What is the first thing that happens when a crowd senses a disruption: They tend to run in the opposite direction.
In far too many cases, the same is true about disruptive innovation in government and private enterprises. Organizations try to limit the risk by keeping the damage in surrounding areas to an absolute minimum.
History tells me this scattering effect is one of the key reasons why innovation (disruptive or evolutionary) fails — or never happens at all in angst-ridden enterprises. Few understand that swarming the innovation is less dangerous than running from it in fear of the shrapnel associated with expense and failure.
In my experience, businesses love to create the illusion of having a culture of innovation, even if only situationally as opposed to culturally. Unfortunately most really see innovation as the equivalent of starting a bonfire with flint and some scrap paper.
Here are a few examples:
Innovation via the Corporate Mission Plaque in the Lobby
One of the most universal innovation illusions is putting a phrase similar to “culture of innovation” on the corporate mission plaque in the front lobby, conference room and on the corporate website.
Unfortunately this phrase is simply the result of excruciatingly long debates in corporate mission task-force meetings, where success and creativity are judged by whether you say “innovative culture” or “culture of innovation.”
The Annual Sales Meeting Innovation Showcase
Once a year, many enterprises have their division managers stroll out their innovations at the worldwide sales or executive management meeting. Great pains are taken to keep these presentations short and crisp in an attempt to keep the main agenda on schedule.
The moderator usually closes the session by encouraging attendees to discuss specifics of the innovation with presenters during dinner or cocktail sessions. The ideas are shared with the rest of the company in the monthly employee newsletter. Potential users of the innovation are encouraged to contact the original innovator by email.
The Unmanaged Innovation/Best Practice Intranet Portal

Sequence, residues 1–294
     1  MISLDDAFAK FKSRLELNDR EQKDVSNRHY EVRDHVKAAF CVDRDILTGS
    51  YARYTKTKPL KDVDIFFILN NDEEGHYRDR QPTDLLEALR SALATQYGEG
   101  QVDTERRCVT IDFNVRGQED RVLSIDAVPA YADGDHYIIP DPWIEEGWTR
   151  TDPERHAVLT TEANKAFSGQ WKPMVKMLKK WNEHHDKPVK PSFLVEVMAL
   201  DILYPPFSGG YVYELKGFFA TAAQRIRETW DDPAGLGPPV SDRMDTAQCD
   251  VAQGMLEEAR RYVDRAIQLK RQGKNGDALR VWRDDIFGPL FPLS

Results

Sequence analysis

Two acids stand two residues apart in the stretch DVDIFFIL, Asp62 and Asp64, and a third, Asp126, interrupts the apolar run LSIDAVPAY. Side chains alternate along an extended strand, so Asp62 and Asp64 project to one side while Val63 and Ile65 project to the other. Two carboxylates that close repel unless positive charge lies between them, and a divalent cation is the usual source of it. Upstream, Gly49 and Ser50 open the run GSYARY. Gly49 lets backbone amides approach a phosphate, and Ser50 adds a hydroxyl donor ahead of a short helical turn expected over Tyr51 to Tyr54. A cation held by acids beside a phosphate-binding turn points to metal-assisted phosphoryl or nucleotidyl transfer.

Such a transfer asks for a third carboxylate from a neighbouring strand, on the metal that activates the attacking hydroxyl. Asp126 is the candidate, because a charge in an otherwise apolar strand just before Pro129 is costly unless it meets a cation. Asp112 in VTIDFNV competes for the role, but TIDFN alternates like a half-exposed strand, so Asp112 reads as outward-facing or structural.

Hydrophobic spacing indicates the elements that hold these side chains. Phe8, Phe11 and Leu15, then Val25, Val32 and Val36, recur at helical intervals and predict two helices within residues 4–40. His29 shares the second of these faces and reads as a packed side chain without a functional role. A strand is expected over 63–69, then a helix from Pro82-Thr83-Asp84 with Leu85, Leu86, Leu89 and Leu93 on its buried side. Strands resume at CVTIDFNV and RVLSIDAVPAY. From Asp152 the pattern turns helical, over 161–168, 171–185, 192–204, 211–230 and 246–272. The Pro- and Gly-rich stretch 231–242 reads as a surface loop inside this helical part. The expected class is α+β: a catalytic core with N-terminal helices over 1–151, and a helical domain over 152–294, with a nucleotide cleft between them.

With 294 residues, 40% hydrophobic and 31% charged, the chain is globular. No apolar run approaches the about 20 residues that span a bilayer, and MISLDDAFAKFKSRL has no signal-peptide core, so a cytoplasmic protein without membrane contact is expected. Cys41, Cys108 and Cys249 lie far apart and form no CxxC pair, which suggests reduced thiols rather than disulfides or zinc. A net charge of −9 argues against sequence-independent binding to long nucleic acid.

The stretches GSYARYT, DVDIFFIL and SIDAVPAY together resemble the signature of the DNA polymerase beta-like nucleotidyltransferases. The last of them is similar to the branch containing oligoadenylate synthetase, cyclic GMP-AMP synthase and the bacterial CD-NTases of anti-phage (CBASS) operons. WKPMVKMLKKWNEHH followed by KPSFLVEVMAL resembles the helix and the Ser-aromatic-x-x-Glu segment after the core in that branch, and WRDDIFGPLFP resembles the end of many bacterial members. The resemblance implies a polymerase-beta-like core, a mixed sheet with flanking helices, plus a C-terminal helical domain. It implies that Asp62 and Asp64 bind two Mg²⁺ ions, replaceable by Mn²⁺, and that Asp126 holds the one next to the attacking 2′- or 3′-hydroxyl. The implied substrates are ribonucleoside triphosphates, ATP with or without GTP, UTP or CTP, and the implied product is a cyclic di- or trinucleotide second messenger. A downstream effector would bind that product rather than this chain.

One of the best ways to stimulate a temporary increase in innovation-sharing is to deploy a large social enterprise system. This investment does not necessarily stimulate innovation as much as it does the necessity to “feed the content/lead beast.” These efforts can fall flat if the online community and sharing process does not have a communications champion.
So how do enterprises drive organic innovation and promote the best and worst practices related to the initiatives?
- Disruptive innovation is driven by risk/reward structures. If taking reasonable risks is not baked into corporate values and culture, then employees will regard it strictly as a career- limiting risk with no reward. Compensation is part of the reward equation, but in many cases the thrill of career development and accelerated innovation can be drivers
- The most successful enterprise innovators will have a sense for pockets of innovation and then quickly direct targeted resources to assure that the effort does not become organizationally asphyxiated. These “SWARM” teams are comprised of the most agile members of corporate services teams, ranging from finance and marketing to manufacturing. They are experienced in parachuting into the startup and then extracting themselves to move on to the next launch. These are the equivalent of the vertical teams you’ll see during the ramp up of new retail establishments.
- Successful disruptive innovators feel that the experience, whether good or bad, results in critical corporate insights. Failures, even spectacular ones, can be documented and socialized in a formal manner to assure they are not replicated. This requires an innovation insight curator, one that shares mistakes and successes on channels such as Yammer or Chatter.
So how does your public or private sector enterprise direct special talent or swarms trained specifically for various stages of disruptive innovation?
Innovation in project management: Can it be done?